learning isn’t linear

learning

3 minute read


Learning something new can feel uncomfortable. We like being good at things, and we don’t like being bad at them. But to learn something new, we will likely have to be pretty bad at it for a while. We’ll be confused and not understand what’s going on. When we have that expectation going in it makes the process of learning much easier.

What we think learning will be like

linear graph

Our brains are wired to think linearly. We expect to incrementally learn at the same rate over time. This can be frustrating because we feel like we should be further along in our new skill than we are. Frustrated that we don’t get it yet and not understanding why it’s taking us so long to get there. Feeling stupid and that other people would learn it faster.

What learning is actually like

exponential graph

In reality, learning isn’t linear. When learning something new there’s often a lot to learn. That means we won’t understand how all the pieces fit together at first. We could suck at it for a while.

But then something magical happens. One day, things start to click. Those previously disjointed concepts start to get clarity around them and we start understanding how they fit together. We have aha moments! It starts to make sense!

When that happens, our skill begins to exponentially take off. We rapidly improve, and pretty soon, we get close to the skill level we want to be at. We might not be at the exact level we need to be yet, but we’ve now seen such huge progress that we believe in ourselves and can see the path forward to get there. We have momentum.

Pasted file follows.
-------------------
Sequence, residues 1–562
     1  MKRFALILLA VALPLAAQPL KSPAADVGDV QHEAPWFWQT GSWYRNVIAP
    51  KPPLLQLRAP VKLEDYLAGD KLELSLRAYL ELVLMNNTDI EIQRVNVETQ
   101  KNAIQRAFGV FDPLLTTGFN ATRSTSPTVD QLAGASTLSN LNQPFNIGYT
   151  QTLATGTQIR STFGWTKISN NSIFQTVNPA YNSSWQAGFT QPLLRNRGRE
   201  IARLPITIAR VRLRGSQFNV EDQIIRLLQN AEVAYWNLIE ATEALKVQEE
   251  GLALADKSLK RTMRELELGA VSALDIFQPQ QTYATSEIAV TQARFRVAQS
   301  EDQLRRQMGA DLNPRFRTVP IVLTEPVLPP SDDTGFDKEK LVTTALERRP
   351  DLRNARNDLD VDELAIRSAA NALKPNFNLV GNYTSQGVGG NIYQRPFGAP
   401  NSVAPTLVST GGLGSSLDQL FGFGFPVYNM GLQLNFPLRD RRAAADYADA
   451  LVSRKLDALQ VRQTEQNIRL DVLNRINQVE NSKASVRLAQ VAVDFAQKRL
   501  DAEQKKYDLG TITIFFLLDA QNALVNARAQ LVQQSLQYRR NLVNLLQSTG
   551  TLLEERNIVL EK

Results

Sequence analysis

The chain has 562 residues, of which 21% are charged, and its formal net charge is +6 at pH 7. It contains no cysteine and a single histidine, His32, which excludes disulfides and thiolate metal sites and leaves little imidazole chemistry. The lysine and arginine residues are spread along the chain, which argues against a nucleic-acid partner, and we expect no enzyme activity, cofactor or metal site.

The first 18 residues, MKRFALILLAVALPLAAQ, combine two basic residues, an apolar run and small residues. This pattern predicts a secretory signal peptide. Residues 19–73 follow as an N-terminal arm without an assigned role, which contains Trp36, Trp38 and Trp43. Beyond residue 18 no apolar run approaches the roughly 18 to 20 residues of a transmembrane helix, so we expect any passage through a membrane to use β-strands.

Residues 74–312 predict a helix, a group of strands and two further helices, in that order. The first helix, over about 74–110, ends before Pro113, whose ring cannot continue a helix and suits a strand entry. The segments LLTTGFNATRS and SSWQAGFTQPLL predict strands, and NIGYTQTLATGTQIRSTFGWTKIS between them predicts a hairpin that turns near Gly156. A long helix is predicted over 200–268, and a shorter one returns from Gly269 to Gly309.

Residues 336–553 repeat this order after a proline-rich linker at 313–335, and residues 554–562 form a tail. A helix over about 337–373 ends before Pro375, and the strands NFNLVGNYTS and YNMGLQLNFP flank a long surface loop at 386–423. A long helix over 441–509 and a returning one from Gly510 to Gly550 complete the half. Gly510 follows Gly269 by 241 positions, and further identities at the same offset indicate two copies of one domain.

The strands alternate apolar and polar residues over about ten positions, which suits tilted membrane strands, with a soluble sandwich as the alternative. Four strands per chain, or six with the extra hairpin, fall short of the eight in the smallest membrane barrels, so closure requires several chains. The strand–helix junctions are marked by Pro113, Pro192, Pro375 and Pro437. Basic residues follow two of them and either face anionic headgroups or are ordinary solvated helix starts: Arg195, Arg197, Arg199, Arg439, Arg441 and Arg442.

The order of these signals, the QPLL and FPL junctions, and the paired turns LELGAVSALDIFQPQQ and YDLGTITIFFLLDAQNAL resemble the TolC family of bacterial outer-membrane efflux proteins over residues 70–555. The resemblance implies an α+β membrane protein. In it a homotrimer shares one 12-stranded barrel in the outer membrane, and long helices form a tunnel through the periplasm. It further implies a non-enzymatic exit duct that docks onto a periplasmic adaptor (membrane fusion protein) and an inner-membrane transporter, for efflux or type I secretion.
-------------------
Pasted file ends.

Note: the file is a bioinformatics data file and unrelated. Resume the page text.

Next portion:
What’s important to keep in mind is that we need to have patience during the time when our learning hasn’t taken off yet. Patience when we don’t understand yet. To learn something truly new and complex we could be in that confusion zone for years. Are we willing to put in that effort and time to get good at something? If what we’re learning will help us in a meaningful enough way, the answer is absolutely.

Too often people quit because it’s not clicking yet. But they could be quitting just before their learning was about to explode and take off exponentially.

What if we quit here?

exponential graph with arrow

If we can keep at it long enough, chances are good that it’ll start to click. And when it does, our new skill can change our lives.


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Written by: Jordan Philyaw

Jordan is a co-founder of beliefseed. He's a self taught software engineer, lifelong learner, manifestor, and vegetarian.